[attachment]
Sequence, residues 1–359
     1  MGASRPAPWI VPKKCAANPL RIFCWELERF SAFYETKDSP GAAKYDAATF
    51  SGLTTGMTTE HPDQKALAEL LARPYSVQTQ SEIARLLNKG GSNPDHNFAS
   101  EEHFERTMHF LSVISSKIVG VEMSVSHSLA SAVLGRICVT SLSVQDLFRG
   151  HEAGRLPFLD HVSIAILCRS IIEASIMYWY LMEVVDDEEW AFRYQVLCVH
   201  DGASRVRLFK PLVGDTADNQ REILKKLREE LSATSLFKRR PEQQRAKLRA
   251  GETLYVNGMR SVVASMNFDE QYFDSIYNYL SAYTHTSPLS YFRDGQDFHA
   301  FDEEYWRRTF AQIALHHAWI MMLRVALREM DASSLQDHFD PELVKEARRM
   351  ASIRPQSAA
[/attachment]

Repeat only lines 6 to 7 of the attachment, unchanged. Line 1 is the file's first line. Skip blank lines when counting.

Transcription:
   201  DGASRVRLFK PLVGDTADNQ REILKKLREE LSATSLFKRR PEQQRAKLRA
   251  GETLYVNGMR SVVASMNFDE QYFDSIYNYL SAYTHTSPLS YFRDGQDFHA